Well, it turns out that the European cement industry wasn’t kidding when it raised the risks of the climate mitigation on the sector. This week three (!) integrated plants have been earmarked for closure.
Cementa in Sweden said that it was considering closing its Degerhamn plant due to increased environmental regulations. Today, local press in Spain is reporting that Cemex España is planning to shut down two of its plants. These are plants in different parts of Europe with different local market dynamics but both are within the European Union (EU). That’s three plants closing out of 219 in the EU, or a loss of around 1% of production capacity.
Last week’s column on the United Nations’ (UN) Intergovernmental Panel on Climate Change (IPCC) report on Global Warming raised the way the cement sector is tackling climate change and the existing and impending legislation. President of the German Cement Works Association (VDZ) Christian Knell’s opening words at the VDZ Congress in September 2018 seem prescient. He said, “To be able to realise our efforts in terms of climate protection and at the same time not to lose competitiveness, we need research policy-related support for our investment in breakthrough technologies and the corresponding demonstration projects.” The add-on was that the industry needed to focus on how the development of carbon abatement technologies can meet the 2050 climate goals and, specifically, that suitable boundary conditions would have to be created. The press releases accompanying his speech emphasised that, “on-going trends in European emissions trading and the ‘rapidly increasing’ price of CO2 were already today leading to considerable costs for cement manufacturers.”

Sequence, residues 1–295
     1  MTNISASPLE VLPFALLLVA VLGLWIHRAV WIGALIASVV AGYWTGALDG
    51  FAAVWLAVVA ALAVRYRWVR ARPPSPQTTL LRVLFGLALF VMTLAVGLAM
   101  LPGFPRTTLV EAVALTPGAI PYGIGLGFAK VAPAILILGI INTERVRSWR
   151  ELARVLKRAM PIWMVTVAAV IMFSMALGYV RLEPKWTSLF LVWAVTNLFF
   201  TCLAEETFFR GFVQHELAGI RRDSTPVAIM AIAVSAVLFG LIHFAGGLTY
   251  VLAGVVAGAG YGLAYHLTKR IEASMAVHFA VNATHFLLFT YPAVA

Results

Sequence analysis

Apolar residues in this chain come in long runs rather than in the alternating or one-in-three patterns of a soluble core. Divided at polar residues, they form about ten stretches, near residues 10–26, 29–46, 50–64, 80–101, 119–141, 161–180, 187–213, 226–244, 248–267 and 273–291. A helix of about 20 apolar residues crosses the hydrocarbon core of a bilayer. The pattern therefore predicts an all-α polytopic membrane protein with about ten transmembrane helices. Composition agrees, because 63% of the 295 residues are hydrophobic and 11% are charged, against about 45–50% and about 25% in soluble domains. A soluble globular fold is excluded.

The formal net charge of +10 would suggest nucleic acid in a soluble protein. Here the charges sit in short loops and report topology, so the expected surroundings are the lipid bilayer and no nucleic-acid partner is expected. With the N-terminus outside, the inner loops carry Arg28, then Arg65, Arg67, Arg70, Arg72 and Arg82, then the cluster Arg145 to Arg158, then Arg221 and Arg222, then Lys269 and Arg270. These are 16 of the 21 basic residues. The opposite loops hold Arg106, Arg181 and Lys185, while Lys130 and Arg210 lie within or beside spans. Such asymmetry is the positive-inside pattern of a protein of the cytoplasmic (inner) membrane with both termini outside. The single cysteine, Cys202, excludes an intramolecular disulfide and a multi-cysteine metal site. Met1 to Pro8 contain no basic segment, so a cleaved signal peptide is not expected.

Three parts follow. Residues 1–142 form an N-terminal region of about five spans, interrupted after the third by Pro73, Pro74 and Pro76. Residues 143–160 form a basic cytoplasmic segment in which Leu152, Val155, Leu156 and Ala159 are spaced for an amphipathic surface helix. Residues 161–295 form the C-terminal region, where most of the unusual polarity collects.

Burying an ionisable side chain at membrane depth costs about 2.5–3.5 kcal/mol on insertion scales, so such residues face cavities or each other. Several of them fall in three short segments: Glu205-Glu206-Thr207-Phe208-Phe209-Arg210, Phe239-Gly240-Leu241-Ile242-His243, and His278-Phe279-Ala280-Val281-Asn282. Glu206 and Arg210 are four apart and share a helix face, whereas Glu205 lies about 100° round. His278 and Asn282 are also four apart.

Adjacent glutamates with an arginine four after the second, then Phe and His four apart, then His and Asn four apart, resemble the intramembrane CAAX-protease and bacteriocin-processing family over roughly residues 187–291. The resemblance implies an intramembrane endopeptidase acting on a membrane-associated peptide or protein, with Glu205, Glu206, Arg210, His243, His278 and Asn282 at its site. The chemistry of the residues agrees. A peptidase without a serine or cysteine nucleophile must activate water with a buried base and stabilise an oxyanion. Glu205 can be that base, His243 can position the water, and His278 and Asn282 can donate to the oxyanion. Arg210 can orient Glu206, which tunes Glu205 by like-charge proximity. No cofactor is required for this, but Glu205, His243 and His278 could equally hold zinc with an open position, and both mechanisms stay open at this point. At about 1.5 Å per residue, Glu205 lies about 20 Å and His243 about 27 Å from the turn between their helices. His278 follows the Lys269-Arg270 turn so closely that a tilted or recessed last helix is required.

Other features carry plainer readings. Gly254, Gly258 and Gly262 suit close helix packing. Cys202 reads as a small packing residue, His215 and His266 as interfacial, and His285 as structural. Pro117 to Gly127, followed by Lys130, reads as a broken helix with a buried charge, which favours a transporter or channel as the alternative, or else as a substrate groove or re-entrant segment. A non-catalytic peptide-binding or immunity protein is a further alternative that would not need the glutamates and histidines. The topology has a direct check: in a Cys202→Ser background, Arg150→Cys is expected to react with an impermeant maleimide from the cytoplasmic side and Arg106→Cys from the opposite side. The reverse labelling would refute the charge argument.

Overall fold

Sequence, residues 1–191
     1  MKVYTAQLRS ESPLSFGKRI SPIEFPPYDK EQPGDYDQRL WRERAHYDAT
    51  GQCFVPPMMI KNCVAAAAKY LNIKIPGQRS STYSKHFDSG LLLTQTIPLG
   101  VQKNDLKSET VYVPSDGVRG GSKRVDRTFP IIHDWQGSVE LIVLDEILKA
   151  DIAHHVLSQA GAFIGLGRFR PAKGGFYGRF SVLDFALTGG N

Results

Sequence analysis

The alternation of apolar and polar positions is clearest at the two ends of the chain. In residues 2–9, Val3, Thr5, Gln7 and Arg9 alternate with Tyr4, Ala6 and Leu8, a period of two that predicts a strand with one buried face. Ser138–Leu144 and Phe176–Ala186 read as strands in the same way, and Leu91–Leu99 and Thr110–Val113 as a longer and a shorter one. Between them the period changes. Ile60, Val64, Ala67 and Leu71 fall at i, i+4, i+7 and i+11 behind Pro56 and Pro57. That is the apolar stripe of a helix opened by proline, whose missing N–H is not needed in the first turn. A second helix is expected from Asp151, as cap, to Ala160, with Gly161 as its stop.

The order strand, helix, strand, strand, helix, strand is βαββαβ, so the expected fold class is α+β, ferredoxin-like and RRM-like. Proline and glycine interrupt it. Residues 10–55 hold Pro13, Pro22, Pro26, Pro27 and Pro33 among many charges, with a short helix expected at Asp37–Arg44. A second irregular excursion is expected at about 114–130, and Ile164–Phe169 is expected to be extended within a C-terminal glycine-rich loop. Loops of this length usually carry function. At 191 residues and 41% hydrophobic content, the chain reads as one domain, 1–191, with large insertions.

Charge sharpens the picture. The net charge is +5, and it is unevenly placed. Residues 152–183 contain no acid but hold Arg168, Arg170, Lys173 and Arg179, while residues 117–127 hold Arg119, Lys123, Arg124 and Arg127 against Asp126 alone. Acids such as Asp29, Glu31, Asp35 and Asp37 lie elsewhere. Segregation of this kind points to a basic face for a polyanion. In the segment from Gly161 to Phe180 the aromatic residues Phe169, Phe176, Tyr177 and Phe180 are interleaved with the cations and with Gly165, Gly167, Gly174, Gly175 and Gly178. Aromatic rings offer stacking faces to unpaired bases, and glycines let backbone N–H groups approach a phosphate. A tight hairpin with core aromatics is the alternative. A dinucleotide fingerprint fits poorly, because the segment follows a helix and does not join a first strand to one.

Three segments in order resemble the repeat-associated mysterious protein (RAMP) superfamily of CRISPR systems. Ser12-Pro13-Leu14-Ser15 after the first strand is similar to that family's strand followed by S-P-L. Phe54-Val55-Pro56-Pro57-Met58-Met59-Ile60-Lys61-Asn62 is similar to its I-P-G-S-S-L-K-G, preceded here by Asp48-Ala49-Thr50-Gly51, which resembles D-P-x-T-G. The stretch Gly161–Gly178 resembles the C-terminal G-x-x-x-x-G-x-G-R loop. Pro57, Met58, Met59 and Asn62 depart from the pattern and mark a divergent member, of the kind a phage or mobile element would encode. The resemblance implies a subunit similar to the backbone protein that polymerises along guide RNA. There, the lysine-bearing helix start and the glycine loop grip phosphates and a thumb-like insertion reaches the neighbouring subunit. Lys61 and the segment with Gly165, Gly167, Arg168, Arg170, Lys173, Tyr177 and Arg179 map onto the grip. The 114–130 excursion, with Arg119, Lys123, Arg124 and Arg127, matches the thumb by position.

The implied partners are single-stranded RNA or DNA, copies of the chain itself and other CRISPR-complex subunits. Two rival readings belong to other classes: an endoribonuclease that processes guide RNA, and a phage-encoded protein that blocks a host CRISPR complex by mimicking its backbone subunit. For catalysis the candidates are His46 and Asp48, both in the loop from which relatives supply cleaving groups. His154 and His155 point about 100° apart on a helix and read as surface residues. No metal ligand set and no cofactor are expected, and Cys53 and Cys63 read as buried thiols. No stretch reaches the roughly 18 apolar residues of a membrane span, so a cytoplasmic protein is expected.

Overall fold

These words are similar to the comments Albert Scheuer, a board member of HeidelbergCement, made at the Innovation in Industrial Carbon Capture Conference early in 2018 about dividing the mounting environmental costs of cement and concrete between producers and society in general. Considering how much cementitious building materials most people use throughout their lives compared to the relative low price of cement, this argument carries some weight. In addition, the sustainability credentials of concrete buildings through longer lifespan and durability through extreme weather events is another argument that industry advocates such as the Portland Cement Association (PCA) in the US have been hawking in recent years.
Cementa, a subsidiary of HeidelbergCement, blamed anticipated tightening of environmental regulations for its decision. Although it said that the plant had made improvements over the years, the expected difficulty (read: cost) to make further improvements was becoming too hard. Shifting production to the company’s other two plants in the region, Slite on Gotland and Brevik in Norway, will reduce CO2 emissions by 260,000t/yr.
In Spain, the news from Cemex follows a half-year report from Oficemen, the local cement association, that predicted growth for the year but not as fast as previously expected. The problem was that continued declines in the export market, the 13th decline month-by-month in a row, offset the domestic growth. Oficement president Jesús Ortiz also took time to blame rising electricity costs, expected to rise by 20% year-on-year by the end of 2018.
Market issues in Spain aren’t in doubt, but the real question for both Sweden and Spain is whether EU CO2 legislation right now is causing cement producers to shut plants. The CO2 emissions allowance price hit a high of Euro22/t in September 2018, the highest price in a decade. Allowances have stayed below Euro10/t since 2011 and the price has more than doubled in 2018. Throw in the mood music of the IPCC and the trend seems irresistible. How many more plants in Europe are at risk to shut next? No doubt the European cement producers have charts marking the viability of their plants against the CO2 price. This would be a very interesting graph to get our hands on.
The 2nd FutureCem Conference on CO2 reduction strategies for the cement industry will take place in May 2019 in London, UK